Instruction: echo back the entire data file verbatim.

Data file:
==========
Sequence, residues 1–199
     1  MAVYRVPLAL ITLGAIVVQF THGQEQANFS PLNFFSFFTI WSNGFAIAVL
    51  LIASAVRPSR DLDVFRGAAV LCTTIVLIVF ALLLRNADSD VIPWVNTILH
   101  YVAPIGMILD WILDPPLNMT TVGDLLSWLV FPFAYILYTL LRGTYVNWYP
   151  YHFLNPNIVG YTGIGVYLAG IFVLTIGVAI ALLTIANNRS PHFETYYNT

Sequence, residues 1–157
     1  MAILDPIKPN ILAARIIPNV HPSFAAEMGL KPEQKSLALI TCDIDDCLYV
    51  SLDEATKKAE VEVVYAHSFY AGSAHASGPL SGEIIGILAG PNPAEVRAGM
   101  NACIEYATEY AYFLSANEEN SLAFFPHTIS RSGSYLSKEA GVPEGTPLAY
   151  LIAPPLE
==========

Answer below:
Sequence, residues 1–199
     1  MAVYRVPLAL ITLGAIVVQF THGQEQANFS PLNFFSFFTI WSNGFAIAVL
    51  LIASAVRPSR DLDVFRGAAV LCTTIVLIVF ALLLRNADSD VIPWVNTILH
   101  YVAPIGMILD WILDPPLNMT TVGDLLSWLV FPFAYILYTL LRGTYVNWYP
   151  YHFLNPNIVG YTGIGVYLAG IFVLTIGVAI ALLTIANNRS PHFETYYNT

Sequence, residues 1–157
     1  MAILDPIKPN ILAARIIPNV HPSFAAEMGL KPEQKSLALI TCDIDDCLYV
    51  SLDEATKKAE VEVVYAHSFY AGSAHASGPL SGEIIGILAG PNPAEVRAGM
   101  NACIEYATEY AYFLSANEEN SLAFFPHTIS RSGSYLSKEA GVPEGTPLAY
   151  LIAPPLE